The Operational Framework (Source: Lima et al. 2022*)
The operational framework as shown above, has three main stages: (1) Context, (2) Process and (3) Results. This structure is based on theory of change (ToC), which allows to identify short, middle and long-term results. In the first stage – ‘context’ - the characterization of the peri-urban and its specificities is the starting point. It is necessary to identify the settlement threats and opportunities. The peri-urban has different characteristics in every place. The second step is to identify the problem addressed, and its scale. That detailing will be necessary to develop and monitor a NBS suitable for a problem and its scale. In addition, the actors related do the problem and its engagement have to be explored as well as other projects that already work to address this problem or part of it. Based on this the targets have to be established. In this first stage, after establishing targets is necessary evaluate the baseline indicators, the main aspects that will be analyzed in the results stage to let a comparation and changes identification.
In the second stage - the ‘process’ of NBS implementation and adaptation - it is necessary to define the NBS type that will be adopted/developed and its scale. In this step, the actors engaged with NBS have to be identified and process-based indicators applied to monitor short and middle term results related to project actions. Some categories of indicators were proposed related to sustainability dimensions. These categories are a start point and can be adapted to different contexts. In the environmental dimension it's the interventions category. This category will allow to identify interventions done by the NBS implementation in the short and middle term. An example is: the number of seedlings planted. In the social dimension the categories proposed are project management (e.g., number of people hired), political support (e.g., existing policies related to the NBS), cultural (e.g., community cultural aspects), commitment (e.g., number of community actors engaged).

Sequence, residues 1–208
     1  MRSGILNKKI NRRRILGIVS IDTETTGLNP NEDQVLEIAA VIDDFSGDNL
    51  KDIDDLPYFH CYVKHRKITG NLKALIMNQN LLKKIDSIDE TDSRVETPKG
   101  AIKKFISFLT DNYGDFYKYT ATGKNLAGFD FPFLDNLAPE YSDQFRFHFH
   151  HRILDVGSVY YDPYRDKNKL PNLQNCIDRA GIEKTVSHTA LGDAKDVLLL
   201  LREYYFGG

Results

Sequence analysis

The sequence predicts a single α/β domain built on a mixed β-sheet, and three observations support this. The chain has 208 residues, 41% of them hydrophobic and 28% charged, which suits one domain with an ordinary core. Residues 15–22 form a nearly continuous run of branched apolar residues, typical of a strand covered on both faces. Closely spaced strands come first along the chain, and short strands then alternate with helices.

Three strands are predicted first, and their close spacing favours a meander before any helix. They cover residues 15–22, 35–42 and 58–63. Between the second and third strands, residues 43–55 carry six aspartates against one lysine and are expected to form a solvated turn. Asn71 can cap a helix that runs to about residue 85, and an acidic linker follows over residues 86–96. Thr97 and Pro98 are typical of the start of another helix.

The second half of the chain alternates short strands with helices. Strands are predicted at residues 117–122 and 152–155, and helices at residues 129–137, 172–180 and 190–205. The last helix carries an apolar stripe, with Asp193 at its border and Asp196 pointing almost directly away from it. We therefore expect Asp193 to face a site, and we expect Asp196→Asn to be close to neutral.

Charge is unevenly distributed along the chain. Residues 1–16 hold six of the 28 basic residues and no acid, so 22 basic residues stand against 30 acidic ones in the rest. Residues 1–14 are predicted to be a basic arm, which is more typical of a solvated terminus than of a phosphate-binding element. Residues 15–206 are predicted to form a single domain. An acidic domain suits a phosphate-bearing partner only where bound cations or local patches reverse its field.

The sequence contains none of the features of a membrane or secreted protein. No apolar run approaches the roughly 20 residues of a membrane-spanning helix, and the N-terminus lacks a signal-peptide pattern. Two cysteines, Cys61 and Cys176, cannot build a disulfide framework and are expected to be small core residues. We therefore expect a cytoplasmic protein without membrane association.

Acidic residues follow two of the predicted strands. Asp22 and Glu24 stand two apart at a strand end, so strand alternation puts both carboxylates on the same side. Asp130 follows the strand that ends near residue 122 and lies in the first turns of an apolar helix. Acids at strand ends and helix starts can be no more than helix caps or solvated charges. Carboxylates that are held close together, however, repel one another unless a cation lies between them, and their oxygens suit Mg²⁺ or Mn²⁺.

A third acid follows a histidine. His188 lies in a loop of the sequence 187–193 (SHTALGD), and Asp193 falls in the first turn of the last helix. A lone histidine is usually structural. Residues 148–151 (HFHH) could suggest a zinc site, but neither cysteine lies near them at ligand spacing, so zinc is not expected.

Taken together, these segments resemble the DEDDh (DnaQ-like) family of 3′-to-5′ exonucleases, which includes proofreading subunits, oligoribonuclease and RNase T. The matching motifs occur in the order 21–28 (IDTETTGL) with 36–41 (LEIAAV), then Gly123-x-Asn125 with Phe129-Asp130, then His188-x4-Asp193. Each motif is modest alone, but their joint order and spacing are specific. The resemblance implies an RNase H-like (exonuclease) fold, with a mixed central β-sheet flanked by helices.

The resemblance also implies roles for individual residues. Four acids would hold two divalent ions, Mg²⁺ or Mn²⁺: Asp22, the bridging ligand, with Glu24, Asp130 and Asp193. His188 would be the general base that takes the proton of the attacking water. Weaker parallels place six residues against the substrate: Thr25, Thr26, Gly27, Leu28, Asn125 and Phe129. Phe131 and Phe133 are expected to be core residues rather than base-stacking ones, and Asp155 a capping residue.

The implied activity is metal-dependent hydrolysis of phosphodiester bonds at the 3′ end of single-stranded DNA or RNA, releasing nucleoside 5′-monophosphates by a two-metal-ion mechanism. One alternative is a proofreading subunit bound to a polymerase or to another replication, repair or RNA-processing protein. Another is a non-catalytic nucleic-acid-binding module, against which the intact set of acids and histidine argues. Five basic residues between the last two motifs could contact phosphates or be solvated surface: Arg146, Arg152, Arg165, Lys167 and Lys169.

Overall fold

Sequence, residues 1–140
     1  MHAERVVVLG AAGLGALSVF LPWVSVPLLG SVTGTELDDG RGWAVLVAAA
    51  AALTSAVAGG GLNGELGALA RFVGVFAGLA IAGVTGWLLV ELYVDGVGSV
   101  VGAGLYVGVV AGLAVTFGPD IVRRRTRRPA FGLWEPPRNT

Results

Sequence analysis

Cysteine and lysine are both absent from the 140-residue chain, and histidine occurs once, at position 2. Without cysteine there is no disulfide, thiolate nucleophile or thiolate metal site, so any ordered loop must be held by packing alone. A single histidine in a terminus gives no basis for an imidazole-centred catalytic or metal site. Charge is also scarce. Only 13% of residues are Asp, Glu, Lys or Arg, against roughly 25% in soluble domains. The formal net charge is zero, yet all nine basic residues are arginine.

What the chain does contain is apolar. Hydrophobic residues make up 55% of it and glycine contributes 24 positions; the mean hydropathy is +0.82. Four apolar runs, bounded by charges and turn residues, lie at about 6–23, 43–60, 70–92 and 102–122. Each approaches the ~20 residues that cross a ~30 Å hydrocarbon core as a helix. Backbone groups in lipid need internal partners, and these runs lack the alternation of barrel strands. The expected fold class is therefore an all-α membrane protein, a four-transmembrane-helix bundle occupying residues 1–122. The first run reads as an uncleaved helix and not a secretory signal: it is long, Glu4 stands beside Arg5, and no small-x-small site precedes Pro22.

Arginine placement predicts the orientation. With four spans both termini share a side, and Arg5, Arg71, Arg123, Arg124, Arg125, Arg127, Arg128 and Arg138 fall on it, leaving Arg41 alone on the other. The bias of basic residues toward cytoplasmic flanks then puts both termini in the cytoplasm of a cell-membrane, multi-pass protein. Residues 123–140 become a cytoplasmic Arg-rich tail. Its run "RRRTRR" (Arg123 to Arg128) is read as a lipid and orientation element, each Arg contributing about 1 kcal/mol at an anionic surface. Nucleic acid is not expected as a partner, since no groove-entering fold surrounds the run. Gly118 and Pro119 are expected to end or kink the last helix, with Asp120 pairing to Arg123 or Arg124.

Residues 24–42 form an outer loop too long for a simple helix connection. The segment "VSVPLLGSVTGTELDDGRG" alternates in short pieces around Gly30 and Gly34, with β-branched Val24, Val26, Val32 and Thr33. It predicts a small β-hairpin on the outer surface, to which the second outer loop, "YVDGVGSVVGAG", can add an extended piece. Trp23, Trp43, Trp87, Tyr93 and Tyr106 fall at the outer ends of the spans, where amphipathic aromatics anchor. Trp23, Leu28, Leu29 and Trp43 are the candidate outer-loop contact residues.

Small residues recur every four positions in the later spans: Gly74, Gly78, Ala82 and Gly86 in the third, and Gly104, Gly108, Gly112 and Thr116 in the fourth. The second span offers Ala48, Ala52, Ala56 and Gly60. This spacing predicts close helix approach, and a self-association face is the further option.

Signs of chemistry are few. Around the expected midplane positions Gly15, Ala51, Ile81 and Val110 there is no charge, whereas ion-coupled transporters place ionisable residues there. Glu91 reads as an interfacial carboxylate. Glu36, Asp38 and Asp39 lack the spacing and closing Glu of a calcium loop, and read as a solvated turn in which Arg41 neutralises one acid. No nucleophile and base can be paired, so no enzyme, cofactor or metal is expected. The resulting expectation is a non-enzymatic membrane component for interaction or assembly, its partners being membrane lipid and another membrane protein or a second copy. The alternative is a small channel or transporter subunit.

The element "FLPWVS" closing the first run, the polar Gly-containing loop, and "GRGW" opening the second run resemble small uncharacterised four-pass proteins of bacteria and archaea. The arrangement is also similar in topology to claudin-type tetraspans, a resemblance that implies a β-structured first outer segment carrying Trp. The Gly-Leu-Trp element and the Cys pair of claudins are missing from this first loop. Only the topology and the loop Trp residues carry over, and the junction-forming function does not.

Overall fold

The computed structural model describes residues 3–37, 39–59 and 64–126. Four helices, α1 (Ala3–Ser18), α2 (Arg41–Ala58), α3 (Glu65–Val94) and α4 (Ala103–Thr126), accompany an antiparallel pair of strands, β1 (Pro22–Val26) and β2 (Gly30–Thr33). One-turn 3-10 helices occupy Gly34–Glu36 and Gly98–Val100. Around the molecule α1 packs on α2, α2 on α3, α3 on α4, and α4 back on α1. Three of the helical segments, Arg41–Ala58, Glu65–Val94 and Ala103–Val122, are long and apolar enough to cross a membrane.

The third stage of the framework proposes categories of indicators to evaluate the long-term results. This stage is directly related to the targets and aims to identify whether these are achieved or not and what needs to be adjusted in order to improve the results. The categories proposed in the environmental dimension are ecosystem services (e.g., increase the water flow) and biodiversity conservation (e.g., increase areas of conservation). As this step is related to long term, it will be possible to identify how the NBS improves the ecosystem services and biodiversity, which are essential to promote many benefits and co benefits. In the social dimension the categories proposed are cultural (e.g., changes in community habits) and political and governance (e.g., new laws). In the social dimension the categories proposed are income and jobs (e.g., jobs generated) and avoided costs (e.g., savings generated in the long term by the NBS implementation).
*Source: Lima, A.P.M., Rodrigues, A.F., Latawiec, A.E., Dib, V., Gomes, F. Maioli, V. Pena, I. Tubenclack, F., Oen, A.M.P, Rebelo, A. J. Esler, K.J., Agudelo, A.R., Bosch, E.R., Singh, N. Suleiman, L. Hale, S.E. (2022). Framework for planning and evaluation of nature-based solutions. Sustainability, 14, 7952.